There were lots of things against her.  She was a foreigner and a slave plus she was also female and young.  Any one of those attributes could have stopped her speaking out, but she didn’t, because she knew that no matter where she was, she was a child of God.  She is a perfect example of what Saint Paul wrote about years later about how God does not see divisions, but all are one in Christ. 

Here there is no Gentile or Jew, circumcised or uncircumcised, barbarian, Scythian, slave or free, but Christ is all, and is in all.  (Colossians 3 v.11)

The passage tells us in verse 1 that Naaman had leprosy, although the footnote adds that the Hebrew for leprosy was used for various diseases affecting the skin.  Not only would the ailment have been physically uncomfortable for Naaman, but he would have been the talking point of all the neighbours and the object of lots of unkind stares.  His wife would also have been very distressed and at a loss to know how to comfort her husband.  It is of course the easy option when someone is distressed to just ignore them, and I’m sure that many of Mrs Naaman’s friends and other servants did that - thinking that it was the best thing to do, but not the servant girl.  Look at the feeling with which she spoke in verse 3.   If only my master would see the prophet who is in Samaria! He would cure him of his leprosy.  There is real passion in her plea, and as a result Naaman went to the king and told him what the girl from Israel had said and, on her recommendation, the king sent him to see the prophet.  I can’t imagine a modern politician revealing a new strategy with the words “I got this idea from my wife’s servant girl”, but Naaman did because the girl had made such an impression.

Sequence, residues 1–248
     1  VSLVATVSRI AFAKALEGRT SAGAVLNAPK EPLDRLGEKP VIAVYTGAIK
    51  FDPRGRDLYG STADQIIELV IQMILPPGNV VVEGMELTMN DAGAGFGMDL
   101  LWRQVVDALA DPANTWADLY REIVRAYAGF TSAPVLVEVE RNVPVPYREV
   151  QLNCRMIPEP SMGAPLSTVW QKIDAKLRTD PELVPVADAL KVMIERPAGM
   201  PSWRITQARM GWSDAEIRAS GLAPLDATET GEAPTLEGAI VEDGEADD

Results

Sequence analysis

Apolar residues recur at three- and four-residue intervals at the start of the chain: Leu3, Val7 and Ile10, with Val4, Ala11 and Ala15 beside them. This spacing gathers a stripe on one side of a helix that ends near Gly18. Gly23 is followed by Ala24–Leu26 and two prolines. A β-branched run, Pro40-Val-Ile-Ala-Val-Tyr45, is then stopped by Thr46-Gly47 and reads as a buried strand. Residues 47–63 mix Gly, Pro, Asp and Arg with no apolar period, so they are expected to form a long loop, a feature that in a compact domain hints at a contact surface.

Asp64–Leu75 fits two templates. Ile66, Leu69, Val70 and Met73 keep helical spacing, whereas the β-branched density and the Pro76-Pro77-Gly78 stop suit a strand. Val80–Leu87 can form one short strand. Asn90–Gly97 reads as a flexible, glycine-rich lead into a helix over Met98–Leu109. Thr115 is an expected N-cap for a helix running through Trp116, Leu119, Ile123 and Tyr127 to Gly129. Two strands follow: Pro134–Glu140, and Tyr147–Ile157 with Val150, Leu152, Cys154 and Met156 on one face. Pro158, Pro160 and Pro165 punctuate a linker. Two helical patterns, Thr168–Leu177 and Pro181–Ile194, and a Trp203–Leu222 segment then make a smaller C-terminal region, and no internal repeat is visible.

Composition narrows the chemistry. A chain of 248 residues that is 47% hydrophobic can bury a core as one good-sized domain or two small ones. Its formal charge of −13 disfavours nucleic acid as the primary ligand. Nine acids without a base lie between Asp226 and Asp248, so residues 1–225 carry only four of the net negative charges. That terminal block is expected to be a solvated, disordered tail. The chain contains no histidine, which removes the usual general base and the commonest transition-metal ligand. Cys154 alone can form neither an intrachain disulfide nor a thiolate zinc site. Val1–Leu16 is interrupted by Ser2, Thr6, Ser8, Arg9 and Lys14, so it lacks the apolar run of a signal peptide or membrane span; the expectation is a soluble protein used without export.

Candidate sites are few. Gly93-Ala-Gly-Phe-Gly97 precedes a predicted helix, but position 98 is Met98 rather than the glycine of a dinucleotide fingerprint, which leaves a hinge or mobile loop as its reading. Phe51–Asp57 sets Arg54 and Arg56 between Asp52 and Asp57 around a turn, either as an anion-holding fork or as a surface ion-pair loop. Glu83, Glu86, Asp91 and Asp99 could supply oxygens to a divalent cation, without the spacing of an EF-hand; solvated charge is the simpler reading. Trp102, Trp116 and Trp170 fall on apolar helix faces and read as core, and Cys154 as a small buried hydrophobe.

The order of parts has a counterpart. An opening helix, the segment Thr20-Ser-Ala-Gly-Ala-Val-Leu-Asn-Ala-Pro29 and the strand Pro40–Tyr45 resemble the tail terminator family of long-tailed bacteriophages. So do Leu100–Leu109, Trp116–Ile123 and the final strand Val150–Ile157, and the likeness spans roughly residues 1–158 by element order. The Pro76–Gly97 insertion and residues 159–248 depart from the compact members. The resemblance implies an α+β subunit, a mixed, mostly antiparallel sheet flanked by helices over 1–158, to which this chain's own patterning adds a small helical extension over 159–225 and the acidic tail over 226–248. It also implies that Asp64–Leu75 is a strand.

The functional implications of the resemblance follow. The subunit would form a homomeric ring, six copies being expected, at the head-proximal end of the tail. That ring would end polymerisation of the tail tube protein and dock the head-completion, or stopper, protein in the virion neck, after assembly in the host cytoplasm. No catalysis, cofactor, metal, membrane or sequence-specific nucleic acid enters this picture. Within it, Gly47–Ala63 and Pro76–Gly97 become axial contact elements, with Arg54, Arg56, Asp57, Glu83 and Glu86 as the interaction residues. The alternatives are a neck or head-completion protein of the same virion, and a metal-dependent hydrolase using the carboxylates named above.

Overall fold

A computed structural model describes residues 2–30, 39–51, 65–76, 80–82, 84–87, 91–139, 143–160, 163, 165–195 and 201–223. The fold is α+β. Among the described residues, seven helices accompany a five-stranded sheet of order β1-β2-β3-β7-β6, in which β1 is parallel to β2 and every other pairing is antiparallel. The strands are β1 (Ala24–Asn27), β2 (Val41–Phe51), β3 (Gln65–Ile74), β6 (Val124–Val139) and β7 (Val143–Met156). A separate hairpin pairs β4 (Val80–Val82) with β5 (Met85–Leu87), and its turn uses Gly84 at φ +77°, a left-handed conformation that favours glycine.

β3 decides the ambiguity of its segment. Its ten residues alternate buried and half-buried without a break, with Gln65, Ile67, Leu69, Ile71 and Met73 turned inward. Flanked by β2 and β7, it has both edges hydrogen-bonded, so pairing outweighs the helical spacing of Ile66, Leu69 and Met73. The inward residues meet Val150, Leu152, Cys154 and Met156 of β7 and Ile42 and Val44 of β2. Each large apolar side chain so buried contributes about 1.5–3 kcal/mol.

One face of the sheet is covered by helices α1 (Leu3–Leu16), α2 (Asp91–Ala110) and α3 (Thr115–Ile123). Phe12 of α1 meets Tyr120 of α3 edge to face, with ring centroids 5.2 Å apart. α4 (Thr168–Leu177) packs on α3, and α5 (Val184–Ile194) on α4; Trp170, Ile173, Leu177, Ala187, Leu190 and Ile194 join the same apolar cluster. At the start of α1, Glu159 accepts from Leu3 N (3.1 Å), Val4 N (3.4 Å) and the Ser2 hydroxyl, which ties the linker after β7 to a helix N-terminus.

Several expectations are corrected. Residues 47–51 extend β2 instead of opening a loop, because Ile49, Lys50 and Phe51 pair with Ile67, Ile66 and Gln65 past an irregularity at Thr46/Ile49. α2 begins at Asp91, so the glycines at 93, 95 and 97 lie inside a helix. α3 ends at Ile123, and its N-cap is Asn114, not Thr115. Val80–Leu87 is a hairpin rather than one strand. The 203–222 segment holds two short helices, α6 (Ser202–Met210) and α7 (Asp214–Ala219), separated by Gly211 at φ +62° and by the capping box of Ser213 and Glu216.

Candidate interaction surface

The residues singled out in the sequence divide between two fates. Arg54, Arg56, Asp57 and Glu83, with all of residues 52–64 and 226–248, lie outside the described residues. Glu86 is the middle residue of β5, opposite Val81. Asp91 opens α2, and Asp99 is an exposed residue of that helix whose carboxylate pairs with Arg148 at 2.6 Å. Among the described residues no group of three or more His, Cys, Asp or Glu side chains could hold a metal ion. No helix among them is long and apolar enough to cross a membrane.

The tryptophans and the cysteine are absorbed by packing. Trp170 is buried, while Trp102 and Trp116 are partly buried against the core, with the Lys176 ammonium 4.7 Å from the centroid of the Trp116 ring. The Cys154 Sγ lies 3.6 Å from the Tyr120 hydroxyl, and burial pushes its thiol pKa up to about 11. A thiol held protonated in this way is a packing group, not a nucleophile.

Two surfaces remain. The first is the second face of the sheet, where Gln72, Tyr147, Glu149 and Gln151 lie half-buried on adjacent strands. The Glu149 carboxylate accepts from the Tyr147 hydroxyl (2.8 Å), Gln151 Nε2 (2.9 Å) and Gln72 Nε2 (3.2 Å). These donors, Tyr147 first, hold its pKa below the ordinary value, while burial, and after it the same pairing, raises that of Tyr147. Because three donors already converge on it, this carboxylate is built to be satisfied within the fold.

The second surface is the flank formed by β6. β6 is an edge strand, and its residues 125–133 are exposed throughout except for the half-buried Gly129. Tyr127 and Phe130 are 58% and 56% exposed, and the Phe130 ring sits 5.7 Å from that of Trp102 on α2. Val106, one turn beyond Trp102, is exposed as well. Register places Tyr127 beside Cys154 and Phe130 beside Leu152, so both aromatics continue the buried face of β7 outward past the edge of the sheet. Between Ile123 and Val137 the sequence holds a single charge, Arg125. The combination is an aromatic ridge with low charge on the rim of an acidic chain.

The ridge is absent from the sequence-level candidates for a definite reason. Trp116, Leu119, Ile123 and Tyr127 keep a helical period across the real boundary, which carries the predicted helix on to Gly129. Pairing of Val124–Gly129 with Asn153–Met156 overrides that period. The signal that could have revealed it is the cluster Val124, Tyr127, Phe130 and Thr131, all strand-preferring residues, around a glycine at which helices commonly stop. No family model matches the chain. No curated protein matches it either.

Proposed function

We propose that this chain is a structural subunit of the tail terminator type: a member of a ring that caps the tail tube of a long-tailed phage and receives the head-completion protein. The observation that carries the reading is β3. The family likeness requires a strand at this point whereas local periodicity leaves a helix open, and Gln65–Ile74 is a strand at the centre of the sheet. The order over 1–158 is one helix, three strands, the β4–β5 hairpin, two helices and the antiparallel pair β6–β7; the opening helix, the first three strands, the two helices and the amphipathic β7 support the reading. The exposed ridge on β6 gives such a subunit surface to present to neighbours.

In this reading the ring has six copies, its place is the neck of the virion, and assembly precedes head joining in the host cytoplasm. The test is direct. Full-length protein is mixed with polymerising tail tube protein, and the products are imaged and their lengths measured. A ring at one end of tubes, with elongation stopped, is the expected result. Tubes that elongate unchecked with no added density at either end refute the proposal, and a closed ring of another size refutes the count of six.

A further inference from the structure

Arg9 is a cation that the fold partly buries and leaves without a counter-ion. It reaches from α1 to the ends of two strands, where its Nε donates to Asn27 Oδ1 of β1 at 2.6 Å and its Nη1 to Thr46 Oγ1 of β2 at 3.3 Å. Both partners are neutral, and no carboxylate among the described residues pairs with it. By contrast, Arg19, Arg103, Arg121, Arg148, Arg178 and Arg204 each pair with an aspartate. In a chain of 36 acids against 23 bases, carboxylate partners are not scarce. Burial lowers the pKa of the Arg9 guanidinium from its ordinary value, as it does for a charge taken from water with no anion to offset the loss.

We are not all called to be leaders, and we are not necessarily called to be famous or named, but we are called to be servants, and as a servant we can all play a part.  If this girl had kept silent, had never spoken out to Naaman's wife, then the wife wouldn't have spoken to Naaman, Naaman wouldn't have spoken to the king, the king wouldn't have sent him to Israel, Naaman wouldn't have been healed and finally come to know God for himself. 

God doesn’t call us to do the impossible but calls us to do things we can manage and be obedient to them.  Like the servant girl – she in her small corner and you in yours.


Bible Study

On Wednesday 26th August at 7.15pm for 7.30pm start

All are welcome to join in and if you do not have internet you can join us over the phone.  The details of how to do so are on last week’s chapter. We are continuing a series called Meeting God in Waiting. The passage is Habakkuk 3 v.1-2 and17-19 “Waiting in prayer”,

If you prefer to do this Bible Study at home, then read the passage several times and consider the following points.

  1. What does Habakkuk ask of God?
  2. What commitment does Habakkuk make to God?
  3. Looking at the list of disasters in v.17, what would be an equivalent list for you?
  4. What would your natural reaction be toward God if these disasters happened to you?
  5. In what ways does God help Habakkuk according to v.19?